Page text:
What is the new TikTok trend ‘dry-scooping’ and is it dangerous?

One TikTok influencer says she ended up in hospital with a suspected stroke

Ellie Abraham,Joanna Whitehead
Friday 08 October 2021 10:30 BST
Related Video: Tiktokker suffers heart-attack after trying out the popular 'dry scooping' challenge

Medical professionals have been warning gym-goers about a potentially dangerous pre-workout trend involving protein powders known as “dry-scooping”.

Researchers in the US have undertaken research into the practice, after video demonstrations on the social network TikTok amassed more than 8 million views.

One user, Briatney Portillo, claimed to have tried it and suffered a heart attack as a result.

The 20-year-old said: “I never thought something like this would ever happen to me. Especially because I’m so young.”

Now, experts are warning that dry-scooping could cause respiratory and cardiovascular distress amongst children.

But what is dry-scooping, why are people doing it and why is it so dangerous?

What is dry-scooping?

Dry-scooping is when a person eats a dry scoop of pre-workout powder without diluting it with water.

Pre-workout powders typically contain performance-enhancing ingredients such as caffeine, amino acids, vitamin Bs, creatine and beta-alanine.

The ingredients are often there in high doses and are intended to be diluted by around 200ml of water before being consumed to boost a person’s performance during a workout.

Why are people doing it?

The trend has been around for a while, with Reddit threads about the topic dating back around five years.

People have begun consuming the workout powder in its concentrated, undiluted powder form supposedly to enhance its effects during exercise.

But, some of the ingredients in the powders can be dangerous to consume in such high quantities, if undiluted.

Why is it dangerous?

Some pre-workout powders can contain as much as 500mg of caffeine - approximately over five cups of coffee worth.

They can also contain high levels of other artificial ingredients including sweetener, dyes and emulsifiers. Experts warn the risks of consuming these ingredients in concentrated doses can increase blood pressure.

Victoria Taylor, Heart Health Dietitian at the British Heart Foundation, told The Independent: “Pre-workout supplements often contain more caffeine per serving than a cup of coffee or energy drink, as well as other stimulants.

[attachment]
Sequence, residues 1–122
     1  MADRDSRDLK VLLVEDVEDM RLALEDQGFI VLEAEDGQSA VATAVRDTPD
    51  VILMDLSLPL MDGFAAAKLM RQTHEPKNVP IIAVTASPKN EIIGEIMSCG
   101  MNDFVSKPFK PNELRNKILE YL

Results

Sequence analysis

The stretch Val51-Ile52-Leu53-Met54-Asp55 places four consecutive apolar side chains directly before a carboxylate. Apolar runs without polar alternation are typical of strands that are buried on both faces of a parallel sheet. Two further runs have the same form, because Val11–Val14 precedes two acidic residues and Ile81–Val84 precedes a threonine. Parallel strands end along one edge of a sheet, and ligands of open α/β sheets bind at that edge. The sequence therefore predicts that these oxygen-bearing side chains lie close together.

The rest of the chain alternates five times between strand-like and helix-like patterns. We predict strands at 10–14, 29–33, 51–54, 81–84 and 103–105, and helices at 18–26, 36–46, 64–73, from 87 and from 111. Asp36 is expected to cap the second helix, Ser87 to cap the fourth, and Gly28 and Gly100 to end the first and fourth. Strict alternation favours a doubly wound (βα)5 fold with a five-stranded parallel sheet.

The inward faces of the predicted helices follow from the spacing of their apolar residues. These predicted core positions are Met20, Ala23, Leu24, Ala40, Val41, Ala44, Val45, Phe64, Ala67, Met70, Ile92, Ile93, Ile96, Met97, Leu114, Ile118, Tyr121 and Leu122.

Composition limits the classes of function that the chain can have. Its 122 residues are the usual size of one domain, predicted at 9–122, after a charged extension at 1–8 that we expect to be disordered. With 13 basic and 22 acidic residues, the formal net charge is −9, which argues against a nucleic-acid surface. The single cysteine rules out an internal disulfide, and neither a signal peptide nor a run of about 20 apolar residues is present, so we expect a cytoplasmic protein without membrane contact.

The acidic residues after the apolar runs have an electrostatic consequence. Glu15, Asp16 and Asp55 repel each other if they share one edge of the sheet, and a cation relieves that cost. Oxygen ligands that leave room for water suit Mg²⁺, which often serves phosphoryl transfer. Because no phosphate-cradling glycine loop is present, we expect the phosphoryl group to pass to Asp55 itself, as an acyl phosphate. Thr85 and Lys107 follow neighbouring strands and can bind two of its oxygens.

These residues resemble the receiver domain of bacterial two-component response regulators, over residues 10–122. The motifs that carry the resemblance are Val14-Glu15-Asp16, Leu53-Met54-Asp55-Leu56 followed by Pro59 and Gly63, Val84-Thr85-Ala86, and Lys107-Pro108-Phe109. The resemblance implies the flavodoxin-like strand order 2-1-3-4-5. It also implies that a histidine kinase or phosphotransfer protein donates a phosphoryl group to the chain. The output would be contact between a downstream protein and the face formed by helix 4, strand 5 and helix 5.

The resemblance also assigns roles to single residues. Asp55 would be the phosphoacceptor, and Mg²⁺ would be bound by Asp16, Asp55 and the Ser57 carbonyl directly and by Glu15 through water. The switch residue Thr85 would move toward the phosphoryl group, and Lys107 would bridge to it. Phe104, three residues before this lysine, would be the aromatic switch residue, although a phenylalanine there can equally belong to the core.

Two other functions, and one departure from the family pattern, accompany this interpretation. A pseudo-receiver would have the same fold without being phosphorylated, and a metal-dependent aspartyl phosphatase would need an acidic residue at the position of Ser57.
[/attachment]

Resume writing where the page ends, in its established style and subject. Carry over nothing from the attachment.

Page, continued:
“Some people are more sensitive to caffeine and can experience palpitations,” she added.

Some people are more sensitive to caffeine and can experience palpitations

According to the NHS, drinking the equivalent of more than four cups of caffeine-rich drinks can increase blood pressure. In addition, there is also the risk of choking on the powder substance.

Doctor and YouTuber, Bernard Hsu, posts educational videos and in April he posted a video about a patient who dry-scooped for a TikTok video and was hospitalised with a brain injury after taking eight scoops. The patient was rushed to hospital after being found unconscious.

Hsu explained: “The combination of huge amounts of caffeine and beta phenylethylamine in eight scoops of pre-workout swallowed all at once, with heavy lifting, all together could have increased [the patient’s] blood pressure so high that it caused his brain to start to stroke in the form of a bleed.”

TikTok has approximately 689 million monthly users and dangerous trends can spread quickly.

What have medical professionals said about dry-scooping?

Nelson Chow, a Princeton University student, is set to deliver a new study abstract entitled Dry Scooping and Other Dangerous Pre-Workout Consumption Methods: A Quantitative Analysis, at the American Academy of Paediatrics 2021 National Conference and Exhibition on Saturday.

The researchers warn: "Physicians should be aware of the pervasiveness of pre-workout, dangerous methods of consumption, and the potential for accidental over-consumption, inhalation, and injury."

Bridget Benelam, nutrition communications manager, British Nutrition Foundation, tells The Independent: “Pre-workout powders typically contain caffeine along with other ingredients such as creatine, amino acids and vitamins.

“The levels of caffeine in these products vary from the equivalent of about one to over three cups of filter coffee if made up according to the manufacturer’s instructions.

“So, there is a risk of over-consuming caffeine, especially if using more than once a day or just consuming the powder, where you may consume more than the recommended amount.”

She adds that taking such supplements prior to training is unnecessary.

“While there is some research on caffeine and performance in trained athletes, we don’t know what the impact of these powders might be in the general population. It’s certainly not necessary to take supplements before training and for those who choose to do so it’s important to follow the instructions on pack to prepare them.”

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